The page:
Density heterogeneities in the mantle influence the dynamics of mantle upwellings and therefore modify plume characteristics. Using analog laboratory experiments, we explore the dynamics of “thermo-chemical” plumes containing both thermal and chemical density anomalies inherited from a stratified boundary layer at the base of the mantle. Because all plumes cool by thermal diffusion as they rise, a chemically composite thermal plume will eventually attain a level of neutral buoyancy, at which it will begin to “fail”. Separation within the plume will occur, whereby the chemically denser material will start to sink back while the heated surrounding mantle keeps rising. It more generally implies that 1) mantle plumes are not necessarily narrow and continuous throughout the mantle but can be fat and patchy such as Iceland, 2) a hot mantle region may not be buoyant and rising, but on contrary may be sinking, and 3) mantle plumes dynamics are strongly time-dependent.
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 Given the mantle size and physical properties, and the temperature difference between the cold surface of our planet and the core-mantle boundary (CMB), thermal convection and hot instabilities should develop in the mantle [e.g., Schubert et al., 2001]. In that case, hot spot volcanism [Wilson, 1963] will result from the impact under the lithosphere of these hot instabilities [Morgan, 1971]. In a homogeneous fluid, their morphology should be that of mushroom-shape plumes, with a big head over a narrower stem [Morgan, 1971; Griffiths and Campbell, 1990; Sleep, 1990]. The former would produce traps on the Earth's surface while the latter would generate long volcanic tracks, therefore explaining first order observations on a number of hot spots [Richards et al., 1989]. However, as data on hot spots increased, it became clear that all of it cannot be explained by this simple model: there are probably several types of hot spot on Earth [Morgan, 1978; Davaille, 1999; Courtillot et al., 2003].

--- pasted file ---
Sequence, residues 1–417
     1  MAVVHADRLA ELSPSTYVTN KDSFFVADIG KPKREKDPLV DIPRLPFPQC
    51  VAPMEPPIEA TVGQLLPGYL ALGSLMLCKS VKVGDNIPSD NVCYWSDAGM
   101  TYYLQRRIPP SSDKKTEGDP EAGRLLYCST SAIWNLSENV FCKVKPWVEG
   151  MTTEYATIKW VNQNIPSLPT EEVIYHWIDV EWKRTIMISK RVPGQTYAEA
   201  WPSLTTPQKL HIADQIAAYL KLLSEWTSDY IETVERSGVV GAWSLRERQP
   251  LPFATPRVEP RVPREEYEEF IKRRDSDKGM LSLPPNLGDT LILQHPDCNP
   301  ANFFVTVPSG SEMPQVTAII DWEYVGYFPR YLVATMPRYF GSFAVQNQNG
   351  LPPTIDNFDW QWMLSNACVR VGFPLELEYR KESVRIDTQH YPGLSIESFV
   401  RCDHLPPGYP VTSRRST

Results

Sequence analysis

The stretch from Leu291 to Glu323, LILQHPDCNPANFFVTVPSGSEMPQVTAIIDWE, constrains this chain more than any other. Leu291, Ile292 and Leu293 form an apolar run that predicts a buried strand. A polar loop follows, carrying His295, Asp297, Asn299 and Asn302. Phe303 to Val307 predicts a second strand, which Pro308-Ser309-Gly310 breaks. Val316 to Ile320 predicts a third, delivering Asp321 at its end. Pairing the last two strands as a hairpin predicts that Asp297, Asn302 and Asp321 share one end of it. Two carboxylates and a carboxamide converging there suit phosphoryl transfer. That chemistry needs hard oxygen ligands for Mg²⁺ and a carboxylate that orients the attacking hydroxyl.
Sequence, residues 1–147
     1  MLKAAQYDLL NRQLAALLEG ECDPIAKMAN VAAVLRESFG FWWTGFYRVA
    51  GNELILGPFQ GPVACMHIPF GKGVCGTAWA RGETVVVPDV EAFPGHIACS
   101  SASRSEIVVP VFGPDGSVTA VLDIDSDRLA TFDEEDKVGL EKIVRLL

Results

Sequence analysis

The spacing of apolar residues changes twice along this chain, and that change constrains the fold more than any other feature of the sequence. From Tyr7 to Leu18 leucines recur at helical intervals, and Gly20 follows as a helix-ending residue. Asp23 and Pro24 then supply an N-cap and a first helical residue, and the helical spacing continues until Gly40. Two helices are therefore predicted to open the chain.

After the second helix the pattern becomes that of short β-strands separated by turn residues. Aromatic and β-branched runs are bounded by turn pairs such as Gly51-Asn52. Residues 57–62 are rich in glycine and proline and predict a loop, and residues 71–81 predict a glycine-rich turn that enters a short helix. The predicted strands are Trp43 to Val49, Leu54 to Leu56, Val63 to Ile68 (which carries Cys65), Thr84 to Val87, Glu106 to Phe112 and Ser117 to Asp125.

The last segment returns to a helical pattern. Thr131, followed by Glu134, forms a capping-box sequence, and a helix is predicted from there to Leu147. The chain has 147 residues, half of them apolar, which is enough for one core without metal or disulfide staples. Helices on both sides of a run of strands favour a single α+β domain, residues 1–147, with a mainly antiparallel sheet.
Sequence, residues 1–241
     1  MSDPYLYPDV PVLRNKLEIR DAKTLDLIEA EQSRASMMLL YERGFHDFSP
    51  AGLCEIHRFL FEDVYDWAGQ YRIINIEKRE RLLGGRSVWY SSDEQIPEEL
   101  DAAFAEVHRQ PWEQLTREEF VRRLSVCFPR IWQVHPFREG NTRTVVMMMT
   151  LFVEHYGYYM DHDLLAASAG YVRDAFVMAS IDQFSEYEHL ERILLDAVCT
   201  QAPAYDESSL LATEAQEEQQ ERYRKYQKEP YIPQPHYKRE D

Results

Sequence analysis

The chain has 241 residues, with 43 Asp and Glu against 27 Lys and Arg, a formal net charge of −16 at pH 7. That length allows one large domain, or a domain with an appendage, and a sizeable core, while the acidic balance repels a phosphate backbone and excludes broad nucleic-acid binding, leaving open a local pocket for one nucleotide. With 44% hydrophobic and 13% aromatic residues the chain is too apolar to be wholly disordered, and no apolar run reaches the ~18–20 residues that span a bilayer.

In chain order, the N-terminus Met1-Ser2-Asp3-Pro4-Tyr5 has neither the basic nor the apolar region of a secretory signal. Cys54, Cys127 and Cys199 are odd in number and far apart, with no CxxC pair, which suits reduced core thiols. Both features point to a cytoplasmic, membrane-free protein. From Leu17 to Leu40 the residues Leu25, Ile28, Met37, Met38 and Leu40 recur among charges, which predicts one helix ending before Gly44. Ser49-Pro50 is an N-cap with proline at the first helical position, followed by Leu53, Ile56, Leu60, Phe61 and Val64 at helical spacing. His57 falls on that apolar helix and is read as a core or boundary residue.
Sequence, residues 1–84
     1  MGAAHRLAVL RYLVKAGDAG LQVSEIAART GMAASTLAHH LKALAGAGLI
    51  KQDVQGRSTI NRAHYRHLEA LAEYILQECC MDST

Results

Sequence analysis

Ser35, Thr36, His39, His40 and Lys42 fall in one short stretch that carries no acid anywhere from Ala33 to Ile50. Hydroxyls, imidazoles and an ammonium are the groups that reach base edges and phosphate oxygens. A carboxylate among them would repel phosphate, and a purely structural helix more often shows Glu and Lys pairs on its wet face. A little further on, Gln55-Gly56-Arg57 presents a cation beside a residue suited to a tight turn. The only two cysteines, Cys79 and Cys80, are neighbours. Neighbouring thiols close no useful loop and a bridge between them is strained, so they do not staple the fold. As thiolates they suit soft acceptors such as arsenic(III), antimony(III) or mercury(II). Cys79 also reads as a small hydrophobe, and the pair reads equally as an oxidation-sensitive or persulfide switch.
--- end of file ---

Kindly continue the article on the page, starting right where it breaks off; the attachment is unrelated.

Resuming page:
The presence of density heterogeneities in the mantle is probably a key feature to relate the diversity of hot spot observations to mantle convection [Davaille, 1999; Farnetani and Samuel, 2005]. Laboratory and numerical studies have shown that the interplay of density heterogeneities and thermal convection produces hot instabilities of widely differing morphologies such as anchored plumes, piles and domes, secondary plumes, and composite “thermo-chemical” plumes (for a review, see Davaille et al. ). They are characterized by a strong time-dependence with typical time-scales of 100–300 Ma [Le Bars and Davaille, 2004b; Lin and van Keken, 2005; Samuel and Bercovici, 2006] and could develop for mantle density anomalies lower than 2%.
 We focus here on the 3D morphology and evolution of thermo-chemical plumes generated from a mantle thermal boundary layer (“TBL”) which initially is stably stratified in composition. Laboratory experiments allow us to relax the axisymmetric hypothesis used in high resolution numerical models [Lin and van Keken, 2005; Samuel and Bercovici, 2006]. We report more diverse plume morphology and detailed information on the time evolution of the thermo-chemical plumes characteristics. In particular, our results could explain key observations such as the patchy nature of the tomographically imaged anomalies of elastic wave speed beneath Iceland and the large (∼140–200 K) decrease in this plume's excess temperature during the past 60 Ma.
2. Successful and Failing Thermo-chemical Plumes